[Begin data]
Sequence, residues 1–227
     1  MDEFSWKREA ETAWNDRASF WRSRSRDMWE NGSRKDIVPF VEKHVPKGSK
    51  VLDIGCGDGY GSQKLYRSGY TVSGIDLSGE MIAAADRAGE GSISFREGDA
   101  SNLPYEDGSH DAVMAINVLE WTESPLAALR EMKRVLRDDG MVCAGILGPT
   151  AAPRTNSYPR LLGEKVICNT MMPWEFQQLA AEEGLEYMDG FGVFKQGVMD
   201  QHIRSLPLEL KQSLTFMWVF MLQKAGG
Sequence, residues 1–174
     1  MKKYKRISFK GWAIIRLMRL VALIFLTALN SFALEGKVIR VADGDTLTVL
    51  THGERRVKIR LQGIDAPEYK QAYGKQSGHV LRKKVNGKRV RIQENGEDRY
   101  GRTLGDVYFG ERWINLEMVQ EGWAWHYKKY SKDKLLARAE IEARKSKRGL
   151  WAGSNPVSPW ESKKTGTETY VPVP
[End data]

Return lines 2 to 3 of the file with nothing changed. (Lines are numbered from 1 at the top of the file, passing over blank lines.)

     1  MDEFSWKREA ETAWNDRASF WRSRSRDMWE NGSRKDIVPF VEKHVPKGSK
    51  VLDIGCGDGY GSQKLYRSGY TVSGIDLSGE MIAAADRAGE GSISFREGDA